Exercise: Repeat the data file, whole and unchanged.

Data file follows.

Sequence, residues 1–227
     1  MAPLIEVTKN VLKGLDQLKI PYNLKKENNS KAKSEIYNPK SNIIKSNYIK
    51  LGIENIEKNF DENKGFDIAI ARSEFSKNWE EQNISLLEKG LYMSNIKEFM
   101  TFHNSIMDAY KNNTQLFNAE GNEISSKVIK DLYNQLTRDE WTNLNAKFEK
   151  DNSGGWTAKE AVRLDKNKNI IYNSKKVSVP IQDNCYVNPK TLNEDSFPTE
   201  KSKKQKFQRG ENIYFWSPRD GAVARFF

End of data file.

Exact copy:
Sequence, residues 1–227
     1  MAPLIEVTKN VLKGLDQLKI PYNLKKENNS KAKSEIYNPK SNIIKSNYIK
    51  LGIENIEKNF DENKGFDIAI ARSEFSKNWE EQNISLLEKG LYMSNIKEFM
   101  TFHNSIMDAY KNNTQLFNAE GNEISSKVIK DLYNQLTRDE WTNLNAKFEK
   151  DNSGGWTAKE AVRLDKNKNI IYNSKKVSVP IQDNCYVNPK TLNEDSFPTE
   201  KSKKQKFQRG ENIYFWSPRD GAVARFF